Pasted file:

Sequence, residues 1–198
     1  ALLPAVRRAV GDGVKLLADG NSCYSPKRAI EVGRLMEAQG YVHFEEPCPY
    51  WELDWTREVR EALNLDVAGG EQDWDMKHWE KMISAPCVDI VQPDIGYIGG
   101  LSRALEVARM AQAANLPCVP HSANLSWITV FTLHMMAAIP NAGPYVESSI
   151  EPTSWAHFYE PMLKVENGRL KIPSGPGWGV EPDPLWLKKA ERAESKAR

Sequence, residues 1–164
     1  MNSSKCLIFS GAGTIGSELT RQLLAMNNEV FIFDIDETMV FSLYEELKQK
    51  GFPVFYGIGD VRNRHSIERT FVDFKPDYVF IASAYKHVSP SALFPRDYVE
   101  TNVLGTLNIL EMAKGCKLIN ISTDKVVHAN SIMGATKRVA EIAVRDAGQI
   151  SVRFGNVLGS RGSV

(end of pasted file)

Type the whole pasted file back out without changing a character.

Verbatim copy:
Sequence, residues 1–198
     1  ALLPAVRRAV GDGVKLLADG NSCYSPKRAI EVGRLMEAQG YVHFEEPCPY
    51  WELDWTREVR EALNLDVAGG EQDWDMKHWE KMISAPCVDI VQPDIGYIGG
   101  LSRALEVARM AQAANLPCVP HSANLSWITV FTLHMMAAIP NAGPYVESSI
   151  EPTSWAHFYE PMLKVENGRL KIPSGPGWGV EPDPLWLKKA ERAESKAR

Sequence, residues 1–164
     1  MNSSKCLIFS GAGTIGSELT RQLLAMNNEV FIFDIDETMV FSLYEELKQK
    51  GFPVFYGIGD VRNRHSIERT FVDFKPDYVF IASAYKHVSP SALFPRDYVE
   101  TNVLGTLNIL EMAKGCKLIN ISTDKVVHAN SIMGATKRVA EIAVRDAGQI
   151  SVRFGNVLGS RGSV